The technical issues are equally dense. Let's start with the relatively easy one: the stereo-based (non-PC) solution.
A number of companies make consumer audio (stereo-based) CD recorders, including Panasonic, Pioneer, Marantz, Sony, Onkyo, Yamaha and Philips, with prices ranging from a few hundred dollars to more than $1,500.
I've been testing a Philips CDR-765 dual-deck audio CD player and recorder (listing for $599.95). It can be used to make exact copies of audio CD's, but it can also be used with other stereo components to transfer LP's and cassettes to CD's.
The Philips CDR-765 is in the same style as traditional stereo components, so it attaches easily -- well, relatively easily -- to a component stereo system. Some older or lower-end receivers may not have enough connection ports to allow the CD recorder to be attached without detaching some other component. A call to the Philips telephone service for technical support was not helpful, but after fiddling with a variety of connections, I was finally able to get an LP's analog signal to register with the recorder. Then it was simply a matter of loading the blank CD and pressing the Record button.
Just as if you were recording a cassette tape, you can mix tracks from different albums, or from other CD's, cassette tapes and MP3 files. The only thing that makes the process more complex than recording a cassette tape is that the CD disc has to be "finalized" after the last track is recorded; otherwise, it cannot play in other CD players. The finishing process is usually automated and takes a couple of minutes.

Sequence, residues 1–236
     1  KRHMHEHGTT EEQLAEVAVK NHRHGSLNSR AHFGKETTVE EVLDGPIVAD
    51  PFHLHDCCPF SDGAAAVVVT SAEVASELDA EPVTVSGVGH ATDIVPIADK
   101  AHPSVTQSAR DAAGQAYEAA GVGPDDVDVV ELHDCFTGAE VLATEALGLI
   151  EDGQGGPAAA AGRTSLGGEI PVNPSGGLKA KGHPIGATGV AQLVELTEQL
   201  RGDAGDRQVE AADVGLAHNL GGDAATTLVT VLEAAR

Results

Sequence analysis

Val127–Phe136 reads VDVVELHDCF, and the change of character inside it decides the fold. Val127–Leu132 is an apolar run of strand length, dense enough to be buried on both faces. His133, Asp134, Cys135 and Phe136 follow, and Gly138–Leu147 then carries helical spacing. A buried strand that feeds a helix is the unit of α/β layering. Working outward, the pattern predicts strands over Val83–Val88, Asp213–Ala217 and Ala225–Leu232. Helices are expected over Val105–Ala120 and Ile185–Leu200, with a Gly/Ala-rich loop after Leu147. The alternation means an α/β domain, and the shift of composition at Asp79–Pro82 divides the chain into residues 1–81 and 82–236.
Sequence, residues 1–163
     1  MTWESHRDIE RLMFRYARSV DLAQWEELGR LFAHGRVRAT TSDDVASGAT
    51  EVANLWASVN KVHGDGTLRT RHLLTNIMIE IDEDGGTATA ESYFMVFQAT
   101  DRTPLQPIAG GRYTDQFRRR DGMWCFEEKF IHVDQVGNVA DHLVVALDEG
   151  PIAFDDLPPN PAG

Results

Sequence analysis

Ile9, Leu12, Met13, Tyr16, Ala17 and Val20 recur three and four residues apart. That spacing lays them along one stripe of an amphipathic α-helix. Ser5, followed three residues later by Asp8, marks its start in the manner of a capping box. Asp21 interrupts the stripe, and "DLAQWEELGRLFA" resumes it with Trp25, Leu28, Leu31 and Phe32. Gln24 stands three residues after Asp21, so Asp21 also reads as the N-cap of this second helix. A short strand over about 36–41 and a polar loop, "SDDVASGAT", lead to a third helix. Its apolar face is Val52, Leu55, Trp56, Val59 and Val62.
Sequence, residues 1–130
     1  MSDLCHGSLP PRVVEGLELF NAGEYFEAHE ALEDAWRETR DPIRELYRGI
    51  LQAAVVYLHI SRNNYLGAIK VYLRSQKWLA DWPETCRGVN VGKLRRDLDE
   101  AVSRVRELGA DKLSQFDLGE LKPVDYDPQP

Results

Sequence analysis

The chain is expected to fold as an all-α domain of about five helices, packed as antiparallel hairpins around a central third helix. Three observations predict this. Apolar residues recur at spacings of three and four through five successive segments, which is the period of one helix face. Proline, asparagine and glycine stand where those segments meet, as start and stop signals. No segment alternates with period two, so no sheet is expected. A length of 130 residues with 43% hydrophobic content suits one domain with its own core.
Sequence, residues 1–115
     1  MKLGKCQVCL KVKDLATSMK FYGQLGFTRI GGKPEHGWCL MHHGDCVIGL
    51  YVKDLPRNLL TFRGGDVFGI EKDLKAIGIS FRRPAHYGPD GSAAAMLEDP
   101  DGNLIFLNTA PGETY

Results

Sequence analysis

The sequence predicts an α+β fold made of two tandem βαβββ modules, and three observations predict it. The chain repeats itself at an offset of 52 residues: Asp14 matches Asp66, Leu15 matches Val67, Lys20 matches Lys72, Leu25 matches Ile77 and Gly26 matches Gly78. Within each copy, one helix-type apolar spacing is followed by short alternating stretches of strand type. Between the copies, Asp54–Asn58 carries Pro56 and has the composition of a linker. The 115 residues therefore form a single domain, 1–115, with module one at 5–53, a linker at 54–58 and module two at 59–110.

There are drawbacks. In this method, every sound made by the turntable, including pops and clicks, was recorded onto the blank CD-R disc. (CD-R discs are used most commonly for recording music because they can be played back on nearly any CD player. CD-RW discs can be played back only on a CD-RW drive, which rules out most stereos, cars and CD-ROM drives.) The result was a CD that sounded just like an LP.
Then there is the PC method, which requires a little more investment of time and money but yields superior results. The necessary components include a PC or Macintosh, a CD-R or CD-RW recorder, a good sound card, and special software for editing, organizing and "burning" the sound files onto the blank CD-R disc. A big hard drive is helpful, too, because music tracks from an LP are typically stored on the computer as space-hogging WAV files. Each minute of CD-quality music consumes slightly more than 10 megabytes of disk space. Storing enough music to fill the 74-minute capacity of most CD-R discs will commandeer at least 750 megabytes of free hard disk space.
The key is the computer's sound card, which must have a stereo input jack.
In general, a turntable cannot be connected directly to the sound card. The signal must be amplified, either through a stereo receiver (the most common way) or through a simple pre-amp, which can be found at Radio Shack or some other electronics source for $30 to $75. The receiver or amplifier then plugs into the input jack for the sound card's stereo line.
Most newer PC's have adequate sound cards, but a better sound card yields better results. My Dell PC uses a Turtle Beach Montego II sound card, and the results were decent. Audiophiles often invest in top-of-the-line sound cards costing hundreds of dollars and then spend hundreds of dollars more for sophisticated audio editing programs.
Happily, it appears that almost any brand-name CD-R or CD-RW drive can do a good job of capturing LP tracks. Some drives are faster than others, with recording speeds listed as 2X, 4X and so on. The faster the drive, the more quickly it can copy digital files. But they all slow to no more than 1X when copying and converting tracks directly from a slow LP to CD.